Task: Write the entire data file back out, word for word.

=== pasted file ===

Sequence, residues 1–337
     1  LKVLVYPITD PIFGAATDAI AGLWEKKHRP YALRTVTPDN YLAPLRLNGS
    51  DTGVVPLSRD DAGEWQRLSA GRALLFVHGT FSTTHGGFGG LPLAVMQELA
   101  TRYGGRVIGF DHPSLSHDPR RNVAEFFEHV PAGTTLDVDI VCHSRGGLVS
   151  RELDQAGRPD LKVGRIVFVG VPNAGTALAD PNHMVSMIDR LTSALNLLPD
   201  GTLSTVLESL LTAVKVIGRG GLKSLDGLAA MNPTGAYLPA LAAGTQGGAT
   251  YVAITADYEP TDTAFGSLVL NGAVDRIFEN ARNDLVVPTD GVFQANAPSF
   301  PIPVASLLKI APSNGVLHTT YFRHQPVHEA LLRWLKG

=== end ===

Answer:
Sequence, residues 1–337
     1  LKVLVYPITD PIFGAATDAI AGLWEKKHRP YALRTVTPDN YLAPLRLNGS
    51  DTGVVPLSRD DAGEWQRLSA GRALLFVHGT FSTTHGGFGG LPLAVMQELA
   101  TRYGGRVIGF DHPSLSHDPR RNVAEFFEHV PAGTTLDVDI VCHSRGGLVS
   151  RELDQAGRPD LKVGRIVFVG VPNAGTALAD PNHMVSMIDR LTSALNLLPD
   201  GTLSTVLESL LTAVKVIGRG GLKSLDGLAA MNPTGAYLPA LAAGTQGGAT
   251  YVAITADYEP TDTAFGSLVL NGAVDRIFEN ARNDLVVPTD GVFQANAPSF
   301  PIPVASLLKI APSNGVLHTT YFRHQPVHEA LLRWLKG